Thursday, September 28, 2006
College Names I Don't Understand
Indiana University of Pennsylvania
Miami University (in Ohio)
Indiana University/Purdue University at Indianapolis (a backslash?)
Washington University (in St. Louis)
University of Phoenix (anywhere except Phoenix)
East Carolina University (there's no such state as East Carolina)
Practical Bible College
Beaver College (finally changed to Arcadia)
SUNYIT (admittedly, the entire SUNY system has lousy names, but that's especially ugly)
Hobart and William Smith (Huh? Shouldn't Hobart get his first name in there, too?)
Hamburger University (don't get me started)
Northwestern University (in Illinois. Illinois?)
Sewanee: The University of the South (pick one)
Community College of Vermont (huh? Isn't Vermont a state?)
Community College of Rhode Island (ditto)
Do you have a good one?
If you are are going to be a small state school, please give me the state (Western Kentucky), a town (Emporia State), or some indication of connection to a state (Truman State).
Also, Western Maryland College, my alma mater, is not and never was in Western Maryland. They changed it to McDaniel College a few years back.
Then, of course, there's the University of Indianapolis, which, despite its name, is a small Methodist college.
The first two schools, California, and Indiana (Both of PA) are located in towns that had their names before the states did.
Miami University (founded 1809) was named after the Miami Nation (as is the Miami Valleyin the same region) As they are fond of saying, "Miami was a University when Florida was still Spanish."
Of course, as one of the anonymous posters mentioned, Western Maryland College (Whimsy, as we pronounce it!) recently changed their name. Rather than embrace their heritage as coming from the Western Maryland Railroad, it's first benefactor, they felt they needed a name that reflected that they were "A small liberal arts college committed to Excellence in Teaching." Yup. McDaniel says that... (HUH?)
Bishop's University - that sounds fun! When you flunk out of Bishop's, if you are really lucky, you get to go to Redeemer University College.
OK, as the mother of a proud Pitt Panther (and as a primarily auditory learner, so saying is more salient than spelling), I have to say the acronym is a fine thing. [insert panther snarl for persuasive purposes]
They did. It is the University of the South. Sewanee is a nickname.
Or didn't you know that?
The answer to why John Hobart's first name is not listed is that the College always was Hobart College. William Smith College was always WSC.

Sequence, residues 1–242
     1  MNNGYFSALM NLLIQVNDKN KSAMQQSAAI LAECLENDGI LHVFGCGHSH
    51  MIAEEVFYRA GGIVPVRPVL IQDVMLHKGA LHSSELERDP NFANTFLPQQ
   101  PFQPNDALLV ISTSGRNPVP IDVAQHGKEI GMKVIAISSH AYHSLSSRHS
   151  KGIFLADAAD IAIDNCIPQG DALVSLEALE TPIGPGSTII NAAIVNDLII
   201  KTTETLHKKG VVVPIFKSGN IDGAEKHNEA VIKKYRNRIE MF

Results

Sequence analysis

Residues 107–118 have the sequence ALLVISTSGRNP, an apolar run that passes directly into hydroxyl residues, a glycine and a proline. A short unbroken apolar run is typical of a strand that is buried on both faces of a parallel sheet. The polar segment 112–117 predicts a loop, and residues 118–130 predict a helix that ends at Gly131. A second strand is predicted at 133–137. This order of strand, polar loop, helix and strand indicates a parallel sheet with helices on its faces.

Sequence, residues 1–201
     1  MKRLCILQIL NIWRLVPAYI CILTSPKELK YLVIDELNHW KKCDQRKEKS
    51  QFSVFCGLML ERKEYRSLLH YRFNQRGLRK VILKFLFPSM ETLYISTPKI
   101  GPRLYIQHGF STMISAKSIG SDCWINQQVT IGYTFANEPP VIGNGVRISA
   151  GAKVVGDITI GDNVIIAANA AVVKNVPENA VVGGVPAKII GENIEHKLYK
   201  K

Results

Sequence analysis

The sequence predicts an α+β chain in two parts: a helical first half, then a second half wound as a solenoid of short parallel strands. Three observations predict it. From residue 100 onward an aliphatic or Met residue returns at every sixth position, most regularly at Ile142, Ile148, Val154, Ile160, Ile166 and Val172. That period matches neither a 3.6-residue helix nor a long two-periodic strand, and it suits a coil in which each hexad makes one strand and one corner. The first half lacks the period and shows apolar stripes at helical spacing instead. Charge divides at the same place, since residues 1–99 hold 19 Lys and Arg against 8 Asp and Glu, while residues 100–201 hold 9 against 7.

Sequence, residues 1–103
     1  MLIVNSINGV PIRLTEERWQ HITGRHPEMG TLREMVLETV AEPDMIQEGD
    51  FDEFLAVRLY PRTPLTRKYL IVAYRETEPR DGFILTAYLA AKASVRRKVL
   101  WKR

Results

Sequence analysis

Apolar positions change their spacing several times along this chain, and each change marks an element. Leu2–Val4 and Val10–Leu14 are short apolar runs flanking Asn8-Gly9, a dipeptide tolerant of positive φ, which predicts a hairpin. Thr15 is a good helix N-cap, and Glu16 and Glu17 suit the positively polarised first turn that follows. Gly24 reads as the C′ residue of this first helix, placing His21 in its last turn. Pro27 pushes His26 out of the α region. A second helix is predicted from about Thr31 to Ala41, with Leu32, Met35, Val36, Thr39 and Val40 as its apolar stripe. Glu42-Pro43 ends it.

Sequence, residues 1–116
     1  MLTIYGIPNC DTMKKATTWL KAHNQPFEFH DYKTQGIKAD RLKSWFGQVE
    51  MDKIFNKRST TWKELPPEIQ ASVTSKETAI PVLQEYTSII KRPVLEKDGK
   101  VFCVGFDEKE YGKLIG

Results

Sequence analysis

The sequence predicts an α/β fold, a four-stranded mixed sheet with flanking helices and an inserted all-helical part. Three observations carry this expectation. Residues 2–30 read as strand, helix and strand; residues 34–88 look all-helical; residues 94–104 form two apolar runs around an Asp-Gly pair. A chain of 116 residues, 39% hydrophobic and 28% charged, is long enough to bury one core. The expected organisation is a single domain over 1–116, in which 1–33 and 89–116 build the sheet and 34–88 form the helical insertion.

For historical perspective, check out:
Community College of Vermont makes sense, too, but in a different way. Vermont is a small, thinly populated state (about half a million people total, largest town has only 40K people in it), so it only supports about as many people as a standard-issue Eastern Seaboard county. So, you only need one community college, with a few branch campuses.
It was located on prime real estate in northwest DC, which the college sold to Howard University for their law school.
"Ball State" refers to Mason jar and electric railway tycoon George Ball, who deeded a college to Indiana.
Junior University? Is that a step above junior college?
This leads to the question of why in the world there's a town named Miami in Florida and if it has any connection to the Miami tribe. The answer is that it doesn't. The much younger town of Miami, Florida gets it name from the Tequesta tribe word Maymi, which may mean wide lake.
While there are many Midwestern towns and regions named after the Miamis, there are also places in Oklahoma with similar names, and those are connected. The US government forced the Miamis to leave their lands for Oklahoma, where they have a reservation. Some Miamis have moved back to the Indiana/Illinois/Ohio/Michigan area that they originally came from, but they don't have a reserveration there.
I would have thought that this dean, of all people, would point out that community colleges are more defined by their mission (2 year, etc) than by their local or regional "ownership." Perhaps some of the tension between the CC's and the 4 yr institutions would be alleviated if more states "owned" both.
Here's cheering for the day when all community colleges are part of a state CC network.
(i work for a wa state cc, and all of my experiences with doing things as a "system" has been teh suck.)